6. In discussions with the IMF, the MCC team learned Timor-Leste
may soon end up exceeding the Gross National Income per capita
threshold for low-income countries. Growth in 2007 and to date
in 2008 has been remarkable due to the effects of record oil
prices and continuing strong levels of natural energy
production. Should Timor-Leste exceed the low-income threshold,
it would need to compete with the significantly more advanced
pool of lower-middle income countries for a much smaller pool of
resources available for compacts. However, Timor-Leste exhibits
profound levels of poverty that are more consistent with
low-income countries than lower-middle income countries. Indeed,

DILI 00000159 002 OF 002

it is the lowest ranked country in Asia on the UNDP's Human
Development Index, and if Gross Domestic Product per capita was
used as the benchmark rather than Gross National Income per
capita, Timor-Leste would remain comfortably within the
low-income category at less than $400 per annum.

Compact Preparation

7. The previous government's compact proposal suffered from two
major faults: first, it was not informed by a broad, substantive
public consultation process, and, second, it proposed projects
in three major sectors and two minor sectors and was therefore
too large and complex given the government's limited management
and implementation capacity. The MCC team advised the new
government that it will need to conduct and document a good
consultation process to identify priorities for compact
assistance and strongly suggested that it consider submitting a
concept paper focused on a single, major project or sector.
Completing both before the next MCC Board meeting at the end of
2008 should improve Timor-Leste's chances of remaining eligible
for compact assistance in FY 2009.

8. Meetings with local officials and other stakeholders
suggested that roads, power, and water and sanitation may be
high-priority sectors for compact assistance. While donors have
funded some modest work in these sectors already, meetings
revealed that feasibility studies and other pre-design work are
largely non-existent. The Asian Development Bank, however, is in
the process of helping the government of Timor-Leste develop a
national road improvement strategy and investment plan, and the
previous government's proposal included some work that could
likely be built upon. The MCC team explained that there is a
trade-off between moving quickly toward a compact and developing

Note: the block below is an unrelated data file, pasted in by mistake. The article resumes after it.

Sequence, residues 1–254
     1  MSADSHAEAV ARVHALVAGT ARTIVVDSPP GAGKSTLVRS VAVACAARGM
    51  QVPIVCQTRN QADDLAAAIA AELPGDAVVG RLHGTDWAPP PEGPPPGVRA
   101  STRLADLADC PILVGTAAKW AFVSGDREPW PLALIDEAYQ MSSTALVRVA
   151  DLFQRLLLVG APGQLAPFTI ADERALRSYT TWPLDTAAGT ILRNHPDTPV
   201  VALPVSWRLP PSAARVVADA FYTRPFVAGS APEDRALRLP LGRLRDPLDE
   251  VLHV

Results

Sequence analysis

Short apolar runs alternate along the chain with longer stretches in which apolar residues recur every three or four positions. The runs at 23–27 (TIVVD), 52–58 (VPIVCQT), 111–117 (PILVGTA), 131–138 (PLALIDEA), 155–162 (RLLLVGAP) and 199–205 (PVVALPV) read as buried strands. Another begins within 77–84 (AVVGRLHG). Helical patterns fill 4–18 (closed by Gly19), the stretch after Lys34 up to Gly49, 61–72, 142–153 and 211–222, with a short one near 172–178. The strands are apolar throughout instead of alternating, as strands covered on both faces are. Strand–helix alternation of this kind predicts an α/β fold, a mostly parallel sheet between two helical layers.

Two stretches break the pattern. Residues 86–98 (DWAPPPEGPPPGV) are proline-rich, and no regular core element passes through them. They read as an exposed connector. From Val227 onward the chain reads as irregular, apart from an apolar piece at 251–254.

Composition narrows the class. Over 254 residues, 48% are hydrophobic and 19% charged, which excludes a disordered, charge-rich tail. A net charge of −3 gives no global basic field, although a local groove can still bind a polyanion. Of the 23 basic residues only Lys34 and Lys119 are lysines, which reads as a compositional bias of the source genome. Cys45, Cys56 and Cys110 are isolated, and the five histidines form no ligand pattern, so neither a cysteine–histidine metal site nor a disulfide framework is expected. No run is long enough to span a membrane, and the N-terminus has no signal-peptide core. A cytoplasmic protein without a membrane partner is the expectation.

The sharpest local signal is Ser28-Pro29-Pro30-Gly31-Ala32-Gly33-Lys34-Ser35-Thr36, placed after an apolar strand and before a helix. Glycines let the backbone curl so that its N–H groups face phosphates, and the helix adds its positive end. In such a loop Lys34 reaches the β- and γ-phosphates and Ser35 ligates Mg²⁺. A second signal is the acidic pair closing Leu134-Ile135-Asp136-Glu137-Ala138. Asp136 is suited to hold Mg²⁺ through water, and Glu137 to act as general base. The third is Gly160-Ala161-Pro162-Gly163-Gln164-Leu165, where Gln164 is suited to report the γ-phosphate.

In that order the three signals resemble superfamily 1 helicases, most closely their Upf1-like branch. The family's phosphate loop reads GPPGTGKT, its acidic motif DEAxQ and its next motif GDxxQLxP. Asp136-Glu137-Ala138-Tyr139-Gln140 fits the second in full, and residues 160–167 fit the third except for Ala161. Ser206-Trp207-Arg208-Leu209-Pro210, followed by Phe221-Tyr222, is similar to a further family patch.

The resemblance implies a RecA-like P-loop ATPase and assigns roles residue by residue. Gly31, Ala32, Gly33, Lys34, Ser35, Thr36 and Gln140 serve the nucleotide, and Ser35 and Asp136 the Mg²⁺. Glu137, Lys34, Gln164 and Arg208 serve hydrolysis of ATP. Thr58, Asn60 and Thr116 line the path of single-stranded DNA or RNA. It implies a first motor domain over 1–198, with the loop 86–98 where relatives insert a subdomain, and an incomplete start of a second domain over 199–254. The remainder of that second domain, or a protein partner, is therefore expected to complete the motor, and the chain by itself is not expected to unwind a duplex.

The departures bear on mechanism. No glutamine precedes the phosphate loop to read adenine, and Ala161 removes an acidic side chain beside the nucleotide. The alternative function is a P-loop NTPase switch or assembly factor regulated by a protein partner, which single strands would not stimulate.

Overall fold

completely new projects, and speed is of the essence for
Timor-Leste given the uncertainty of the MCC's budget and the
fact that Timor-Leste will be competing with five other
countries for compact assistance in FY 2009. Building on work
that has already been started or identifying a project for which
some of the feasibility studies and pre-design work have already
been completed would be advantageous for Timor-Leste.

The Role for MCC

9. With nearly $2.2 billion in the Petroleum Fund at the end of
2007 and the Fund's value rising by over $100 million per month,
many questioned why Timor-Leste needs compact assistance at all.
There is widespread agreement that money is not a problem in
Timor-Leste; rather, the country's development is seriously
constrained by the government's very low capacity to execute
capital projects, such as infrastructure. Indeed, capacity is so
thin that some have suggested the government should outsource
the country's development in the short-term. Regrettably,
outsourcing - conceptualized locally as international borrowing
for project finance - has proven politically sensitive.

10. Key members of the government, as well as the opposition,
believe Timor-Leste has little choice but to outsource and also
see borrowing from multilateral or bilateral concessional
lenders as a potentially valuable means of financing the
country's development. These leaders view a compact with the MCC
as a means of breaking the domestic ideological opposition to
outsourcing project management and borrowing internationally to
finance development projects. A compact would provide a good
model for outsourcing accounting and procurement services, as
well as project implementation, and enforce a high standard of
accountability. If successful, the MCC model could encourage the
Timorese themselves to finance project implementation using the
MCC model and mechanisms.